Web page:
Let’s play a fun game:
The researchers placed two bags full of red and yellow balls in front of the participants.
In the first pocket, 75 percent of the balls are yellow, and 25 percent are red.
Number two, on the other hand, is 75% red and 25% yellow.
You pick a bag at random and take the balls out one by one, without looking into the bag.
Each time you pull out a ball, you report to the researcher his guess: Are you carrying more yellow or red balls in your bag?
This is a study by Ward Edwards of the University of Michigan, and it’s called:
How humans react to new information in the decision-making process.
The purpose of the experiment is not to test mathematical calculation, but to test human intuition of probability.
Let’s say you touch a red ball and you’re asked to guess, did it come from pocket number one or pocket number two?What are the chances?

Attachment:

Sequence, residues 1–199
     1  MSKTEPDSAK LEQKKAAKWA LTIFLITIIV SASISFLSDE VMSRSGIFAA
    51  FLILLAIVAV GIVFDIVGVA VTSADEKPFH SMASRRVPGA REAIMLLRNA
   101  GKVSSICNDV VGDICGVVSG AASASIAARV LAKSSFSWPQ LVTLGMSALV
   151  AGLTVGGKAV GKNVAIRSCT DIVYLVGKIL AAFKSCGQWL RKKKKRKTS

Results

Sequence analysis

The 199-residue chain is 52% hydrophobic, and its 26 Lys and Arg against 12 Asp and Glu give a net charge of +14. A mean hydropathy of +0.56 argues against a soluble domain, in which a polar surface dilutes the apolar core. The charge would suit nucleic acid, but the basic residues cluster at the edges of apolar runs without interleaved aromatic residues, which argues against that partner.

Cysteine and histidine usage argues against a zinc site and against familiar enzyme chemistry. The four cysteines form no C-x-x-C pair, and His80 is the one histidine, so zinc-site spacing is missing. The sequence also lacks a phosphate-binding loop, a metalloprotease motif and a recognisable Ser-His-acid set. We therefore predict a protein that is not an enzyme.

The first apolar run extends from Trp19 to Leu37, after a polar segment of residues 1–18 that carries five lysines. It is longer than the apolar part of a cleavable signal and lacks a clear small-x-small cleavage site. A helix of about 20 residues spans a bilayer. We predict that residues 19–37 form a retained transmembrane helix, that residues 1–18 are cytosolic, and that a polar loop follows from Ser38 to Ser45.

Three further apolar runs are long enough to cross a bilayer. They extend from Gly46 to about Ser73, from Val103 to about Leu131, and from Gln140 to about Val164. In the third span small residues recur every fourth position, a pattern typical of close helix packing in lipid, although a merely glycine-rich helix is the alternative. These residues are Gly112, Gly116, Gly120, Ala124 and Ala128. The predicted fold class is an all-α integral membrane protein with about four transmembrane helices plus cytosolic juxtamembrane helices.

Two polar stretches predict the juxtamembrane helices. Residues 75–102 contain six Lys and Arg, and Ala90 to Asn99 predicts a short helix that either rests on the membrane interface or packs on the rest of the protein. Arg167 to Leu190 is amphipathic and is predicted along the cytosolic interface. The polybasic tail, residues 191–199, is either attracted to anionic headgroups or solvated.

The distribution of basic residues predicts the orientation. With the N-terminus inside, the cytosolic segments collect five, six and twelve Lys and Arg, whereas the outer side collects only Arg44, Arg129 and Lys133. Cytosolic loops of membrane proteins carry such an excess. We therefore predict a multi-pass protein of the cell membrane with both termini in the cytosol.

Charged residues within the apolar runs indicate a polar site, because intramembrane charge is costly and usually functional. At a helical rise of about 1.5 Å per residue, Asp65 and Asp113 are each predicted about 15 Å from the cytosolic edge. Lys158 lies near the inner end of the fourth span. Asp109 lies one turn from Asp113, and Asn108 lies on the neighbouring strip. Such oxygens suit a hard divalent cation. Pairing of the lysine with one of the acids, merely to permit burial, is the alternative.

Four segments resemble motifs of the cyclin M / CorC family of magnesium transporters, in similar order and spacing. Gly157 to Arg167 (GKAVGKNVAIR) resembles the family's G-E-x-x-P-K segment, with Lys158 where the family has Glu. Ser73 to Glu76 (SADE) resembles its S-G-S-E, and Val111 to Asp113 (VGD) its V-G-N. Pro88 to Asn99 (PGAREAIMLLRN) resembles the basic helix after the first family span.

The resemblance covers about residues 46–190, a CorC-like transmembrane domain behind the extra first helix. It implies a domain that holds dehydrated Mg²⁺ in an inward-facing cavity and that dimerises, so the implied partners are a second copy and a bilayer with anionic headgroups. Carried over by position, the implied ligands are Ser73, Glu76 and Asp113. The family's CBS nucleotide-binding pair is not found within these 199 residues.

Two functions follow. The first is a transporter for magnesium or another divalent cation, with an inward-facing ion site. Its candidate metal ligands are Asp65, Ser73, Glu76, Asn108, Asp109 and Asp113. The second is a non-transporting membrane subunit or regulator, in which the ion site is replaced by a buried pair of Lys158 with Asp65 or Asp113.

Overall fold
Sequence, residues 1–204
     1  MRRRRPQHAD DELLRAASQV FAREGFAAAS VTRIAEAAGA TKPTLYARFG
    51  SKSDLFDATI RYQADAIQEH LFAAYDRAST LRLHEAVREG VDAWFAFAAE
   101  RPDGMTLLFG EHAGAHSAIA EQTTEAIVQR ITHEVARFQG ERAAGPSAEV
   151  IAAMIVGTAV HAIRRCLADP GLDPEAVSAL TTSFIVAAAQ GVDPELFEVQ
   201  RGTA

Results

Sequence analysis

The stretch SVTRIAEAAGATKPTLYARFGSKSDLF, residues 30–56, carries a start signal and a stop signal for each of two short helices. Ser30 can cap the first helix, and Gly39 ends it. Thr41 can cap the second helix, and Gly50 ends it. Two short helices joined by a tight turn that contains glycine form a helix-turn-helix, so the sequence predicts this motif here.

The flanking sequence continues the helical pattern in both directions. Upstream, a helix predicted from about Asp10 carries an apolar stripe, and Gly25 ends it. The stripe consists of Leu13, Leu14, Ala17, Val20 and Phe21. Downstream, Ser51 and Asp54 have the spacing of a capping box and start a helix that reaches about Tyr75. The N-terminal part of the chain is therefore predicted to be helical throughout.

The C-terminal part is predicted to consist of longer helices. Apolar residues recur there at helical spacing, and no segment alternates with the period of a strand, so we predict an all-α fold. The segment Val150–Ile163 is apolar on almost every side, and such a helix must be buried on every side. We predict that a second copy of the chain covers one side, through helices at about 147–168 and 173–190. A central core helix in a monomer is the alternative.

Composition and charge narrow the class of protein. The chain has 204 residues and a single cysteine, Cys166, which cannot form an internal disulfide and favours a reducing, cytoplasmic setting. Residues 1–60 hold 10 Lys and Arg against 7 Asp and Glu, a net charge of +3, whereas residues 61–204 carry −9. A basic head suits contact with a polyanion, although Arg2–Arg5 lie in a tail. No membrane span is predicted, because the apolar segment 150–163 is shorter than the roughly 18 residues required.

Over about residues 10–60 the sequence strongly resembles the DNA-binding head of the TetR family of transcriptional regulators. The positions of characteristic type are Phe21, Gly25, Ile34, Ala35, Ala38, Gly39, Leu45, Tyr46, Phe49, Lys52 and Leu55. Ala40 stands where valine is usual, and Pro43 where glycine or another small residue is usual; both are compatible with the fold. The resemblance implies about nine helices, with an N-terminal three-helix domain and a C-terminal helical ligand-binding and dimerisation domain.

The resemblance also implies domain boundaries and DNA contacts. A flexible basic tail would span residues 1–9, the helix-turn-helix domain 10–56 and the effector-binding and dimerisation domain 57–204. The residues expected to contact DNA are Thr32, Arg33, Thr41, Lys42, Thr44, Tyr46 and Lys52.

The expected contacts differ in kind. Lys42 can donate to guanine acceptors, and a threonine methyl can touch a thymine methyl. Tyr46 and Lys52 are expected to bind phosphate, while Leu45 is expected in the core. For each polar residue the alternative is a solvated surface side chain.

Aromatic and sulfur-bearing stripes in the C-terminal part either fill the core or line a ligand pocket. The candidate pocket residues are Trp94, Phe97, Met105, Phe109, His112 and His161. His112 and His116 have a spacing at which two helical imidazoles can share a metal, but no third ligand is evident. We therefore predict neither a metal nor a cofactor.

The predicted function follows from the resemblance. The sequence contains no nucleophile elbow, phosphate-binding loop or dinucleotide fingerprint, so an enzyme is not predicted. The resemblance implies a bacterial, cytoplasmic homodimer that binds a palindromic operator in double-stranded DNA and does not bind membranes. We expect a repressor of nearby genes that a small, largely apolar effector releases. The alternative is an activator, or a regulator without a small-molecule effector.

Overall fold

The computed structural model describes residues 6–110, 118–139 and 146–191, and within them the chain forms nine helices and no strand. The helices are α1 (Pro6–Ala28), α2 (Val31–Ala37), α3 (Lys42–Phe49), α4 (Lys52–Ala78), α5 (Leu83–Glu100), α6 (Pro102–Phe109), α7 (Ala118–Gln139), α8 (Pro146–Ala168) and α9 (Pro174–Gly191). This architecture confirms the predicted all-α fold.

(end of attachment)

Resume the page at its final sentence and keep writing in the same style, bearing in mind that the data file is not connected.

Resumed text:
If you’re smart enough to say, that’s easy, there are more red balls in number two than there are in number one, then it’s more likely that the ball came from number two.
Then you touch a ball again from the same pocket, again red, and you can adjust your guesses based on this information.
And you think, well, there’s a slightly greater chance that this is a number two pocket.
Then you feel for the third ball from the pocket, which is still red.
(For the above experiment, put the ball back in place each time.)
Notice the crucial question here:
How many times do you think it’s more likely to turn into a number two pocket after you touch the red ball three times?
Please make your own assessment. Keep it in mind.
Then, let’s take a look at the results of that year’s study.
Research shows that:
When the subjects pulled the red ball out of their pocket, they were more likely to think that the red ball was in the majority.
If their first three balls were all red, they were three times more likely to think the bag was predominantly red.
Unfortunately, that estimate is too far off.
How many times does it actually have to be?
(The case above, from Discovery of Thought, I didn’t adjust for the ambiguity of the multiple statement.)
This calculation is simple and interesting, and sometimes very confusing.